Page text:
Gonzalez sees his business as a force for good in the world. Selling clothes is one way to get people to think about their consumption choices and their own culture, he said. Thus, the clothes are designed with uplifting, ecological and locally inspired messages, and EYE has partnerships with two charities. Online shoppers can purchase donations from One Tree Planted, a Vermont-based reforestation nonprofit, and Kyäni’s Caring Hands, which invests in nutrition, sanitation and education for poor communities around the world. .
A local clothing entrepreneur has an EYE on Longview | Local
He imagines dozens of EYE stores across the country, each with local designer clothes that tell stories about the culture there. EYE offers designer pieces across the western United States and occasionally collaborates on pieces with other designers.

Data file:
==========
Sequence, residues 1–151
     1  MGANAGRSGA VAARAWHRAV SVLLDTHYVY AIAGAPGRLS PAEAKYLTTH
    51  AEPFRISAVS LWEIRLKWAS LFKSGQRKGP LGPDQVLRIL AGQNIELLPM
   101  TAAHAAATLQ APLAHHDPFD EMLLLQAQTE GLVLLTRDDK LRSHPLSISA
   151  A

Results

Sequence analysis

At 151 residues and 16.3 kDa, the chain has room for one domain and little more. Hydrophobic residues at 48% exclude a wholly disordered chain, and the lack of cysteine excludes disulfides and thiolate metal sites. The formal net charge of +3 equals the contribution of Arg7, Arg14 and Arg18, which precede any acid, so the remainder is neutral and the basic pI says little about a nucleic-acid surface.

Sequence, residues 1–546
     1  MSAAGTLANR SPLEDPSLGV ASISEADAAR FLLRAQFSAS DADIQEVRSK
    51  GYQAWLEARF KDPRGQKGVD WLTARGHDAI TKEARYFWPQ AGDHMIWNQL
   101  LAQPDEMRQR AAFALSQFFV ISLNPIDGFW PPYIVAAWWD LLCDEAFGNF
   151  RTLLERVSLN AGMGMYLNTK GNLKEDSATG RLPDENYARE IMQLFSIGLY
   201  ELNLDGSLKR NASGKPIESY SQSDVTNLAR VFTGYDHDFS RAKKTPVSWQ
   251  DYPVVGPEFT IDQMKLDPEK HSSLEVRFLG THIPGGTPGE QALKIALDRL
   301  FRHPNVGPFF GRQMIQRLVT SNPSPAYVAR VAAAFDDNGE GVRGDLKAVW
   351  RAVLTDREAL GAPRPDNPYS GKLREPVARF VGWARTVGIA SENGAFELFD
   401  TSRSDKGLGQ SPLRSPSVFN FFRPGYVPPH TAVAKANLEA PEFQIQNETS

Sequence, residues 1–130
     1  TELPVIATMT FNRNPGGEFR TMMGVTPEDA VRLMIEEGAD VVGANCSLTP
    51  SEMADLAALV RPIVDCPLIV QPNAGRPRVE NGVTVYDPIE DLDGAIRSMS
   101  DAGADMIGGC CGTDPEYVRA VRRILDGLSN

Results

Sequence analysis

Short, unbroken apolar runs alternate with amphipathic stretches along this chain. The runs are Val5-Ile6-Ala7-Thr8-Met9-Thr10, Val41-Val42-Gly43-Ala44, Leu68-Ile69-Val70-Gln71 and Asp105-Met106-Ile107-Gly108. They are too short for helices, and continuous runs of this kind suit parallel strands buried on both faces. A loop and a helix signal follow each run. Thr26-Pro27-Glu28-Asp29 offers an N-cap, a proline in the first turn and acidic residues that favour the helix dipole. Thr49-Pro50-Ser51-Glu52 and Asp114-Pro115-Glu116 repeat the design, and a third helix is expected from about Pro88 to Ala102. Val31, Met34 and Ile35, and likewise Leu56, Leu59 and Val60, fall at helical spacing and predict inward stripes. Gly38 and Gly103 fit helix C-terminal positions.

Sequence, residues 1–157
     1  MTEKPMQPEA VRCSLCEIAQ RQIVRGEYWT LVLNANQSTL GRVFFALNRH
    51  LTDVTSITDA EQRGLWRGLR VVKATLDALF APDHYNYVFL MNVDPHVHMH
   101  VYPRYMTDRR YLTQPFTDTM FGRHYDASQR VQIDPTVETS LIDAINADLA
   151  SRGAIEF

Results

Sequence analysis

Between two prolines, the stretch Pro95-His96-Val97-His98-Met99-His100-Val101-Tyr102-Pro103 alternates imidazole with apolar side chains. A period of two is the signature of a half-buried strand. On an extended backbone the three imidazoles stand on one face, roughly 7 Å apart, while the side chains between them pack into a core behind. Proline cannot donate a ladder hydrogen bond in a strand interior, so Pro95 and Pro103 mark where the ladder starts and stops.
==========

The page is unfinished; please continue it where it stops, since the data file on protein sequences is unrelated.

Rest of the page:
The store has also partnered with “Find My Brand,” a local clothing website that brings together obscure and independent clothing companies. Gonzalez said he liked the idea of collaborating with other small-scale outfitters.
Its prices are modest by designer standards: Hoodies are typically $ 45, T-shirts are $ 25, most hats are $ 25, and the most expensive items in the store – Mediums hoodies. Collective – cost only $ 99.
“It’s exciting, it’s scary,” he said. “I feel very lucky to be a part of this trip.”
He had always wanted to be an entrepreneur, but things really started when he was 18, said Gonzalez, when he was inspired by a few older acquaintances who opened their own outfit, Ham Clothing, in Longview in 2011.